Celebrating The Jordan Times' human capital, present and pas...| MENAFN.COM

Friday, 02 December 2022 05:02 GMT

Celebrating The Jordan Times' human capital, present and past

(MENAFN- Jordan Times) The Jordan Times today celebrates its 41st anniversary with little fanfare and more focus on the future.

This paper, which came into being on October 27, 1975, made big qualitative strides — obvious in its print and online issues — over the past four decades, propelling hundreds of people who worked for it in the course of time and, we want to believe, benefiting the Jordanian media scene as a whole.

We can humbly say that The Jordan Times established a school of journalism that turned out many successful professionals, some of whom became leaders in their fields of work, not always in the media.

Some of the Jordan Timers became ministers, even deputy prime ministers, senators, serve the Royal Court's media or other departments, and some led other Jordanian newspaper and media organisations, including Al Rai and Al Ghad dailies, and the Jordan Radio and Television Corporation.

Some lead media training establishments that are producing top-notch journalists, and many became well-known journalists working for media organisations in Jordan and around-the-world.

Now the newspaper's great — though small — professional team is working hard to surmount difficulties that are not of its making — including understaffing and the drop in revenues — to keep readers updated on Jordanian, regional and global news and views.

This team's biggest challenges used to be professional concerns: how to cover stories, come up with sources, make these sources talk, find the right sources of information, their telephone numbers and addresses, come up with scoops, get in-depth stories, upgrade professional performance and meet midnight deadlines.

Now, in addition, the team turned the digital challenge into an opportunity that consecutive managements of the Jordan Press Foundation (JPF) were unable to translate into revenues due to their inability to step into the digital age.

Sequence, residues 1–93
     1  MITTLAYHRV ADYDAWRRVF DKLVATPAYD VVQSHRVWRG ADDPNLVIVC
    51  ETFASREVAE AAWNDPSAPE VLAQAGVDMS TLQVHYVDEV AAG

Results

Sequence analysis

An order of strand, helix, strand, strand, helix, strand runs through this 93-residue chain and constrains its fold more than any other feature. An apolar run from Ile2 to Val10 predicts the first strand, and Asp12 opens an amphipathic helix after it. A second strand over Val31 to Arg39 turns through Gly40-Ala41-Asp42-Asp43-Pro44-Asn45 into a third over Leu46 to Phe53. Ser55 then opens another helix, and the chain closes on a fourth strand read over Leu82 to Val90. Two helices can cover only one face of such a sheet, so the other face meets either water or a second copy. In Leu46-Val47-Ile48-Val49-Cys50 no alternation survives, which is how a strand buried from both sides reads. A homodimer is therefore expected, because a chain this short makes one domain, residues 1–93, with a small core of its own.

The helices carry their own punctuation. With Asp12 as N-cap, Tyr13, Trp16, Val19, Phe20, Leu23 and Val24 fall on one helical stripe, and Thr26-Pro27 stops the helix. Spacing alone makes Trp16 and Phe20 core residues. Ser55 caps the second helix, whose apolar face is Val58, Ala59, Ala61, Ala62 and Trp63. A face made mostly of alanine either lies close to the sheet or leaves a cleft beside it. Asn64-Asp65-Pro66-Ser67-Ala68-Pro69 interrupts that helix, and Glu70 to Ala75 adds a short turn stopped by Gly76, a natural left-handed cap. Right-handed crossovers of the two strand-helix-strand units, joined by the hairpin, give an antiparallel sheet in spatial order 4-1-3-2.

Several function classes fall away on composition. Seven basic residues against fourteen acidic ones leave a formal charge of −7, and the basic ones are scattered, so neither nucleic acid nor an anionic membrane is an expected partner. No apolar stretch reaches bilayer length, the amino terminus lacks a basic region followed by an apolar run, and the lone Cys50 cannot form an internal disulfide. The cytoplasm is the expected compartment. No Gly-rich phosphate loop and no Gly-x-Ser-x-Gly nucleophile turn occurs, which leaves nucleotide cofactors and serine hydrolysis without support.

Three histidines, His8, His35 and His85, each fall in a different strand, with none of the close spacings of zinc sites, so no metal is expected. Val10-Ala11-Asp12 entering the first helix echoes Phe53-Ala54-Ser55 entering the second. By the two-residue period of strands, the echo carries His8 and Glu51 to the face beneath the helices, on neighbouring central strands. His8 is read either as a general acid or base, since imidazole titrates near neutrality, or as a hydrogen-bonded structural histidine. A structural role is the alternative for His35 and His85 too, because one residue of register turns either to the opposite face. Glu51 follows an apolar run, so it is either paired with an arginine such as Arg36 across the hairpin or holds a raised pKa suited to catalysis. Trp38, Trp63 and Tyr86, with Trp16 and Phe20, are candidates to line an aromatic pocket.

Being part of a bigger shareholding company which also publishes Jordan's top daily newspaper, Al Rai, made it difficult for our team to make an impact on consecutive boards and managements, many of whom do not understand the language of the newspaper, and know little about the media business, the advertising market and the digital age.

This is a problem that we share with our sister Arabic daily, as well as with other media organisations where past governments had a very negative influence, not only on editorial decisions, but also on managerial and financial matters, taking newspapers into the quagmire they are in right now.

Those past governments' officials worked to increase their influence on newspaper managements for political and other means, and in the process used their leverage to appoint relatives and cronies at newspapers.

Newspaper managements did little to resist such abuse of influence. Those appointments, many not needed, reached a peak almost one decade ago, but were coupled with an unprecedented rise in newspaper revenues. However, within two or three years, as the economic crisis started to hit Jordan, newspapers started to feel the pinch as well.

Revenues started dropping drastically, but not so expenditures, the biggest part on the salaries that had to be paid.

At the JPF, for example, it is estimated that the establishment can make do with 20-25 per cent fewer employees. This was the conclusion reached by the board of directors, which focused on trimming as many employees as possible and on blocking any effort to have new recruits.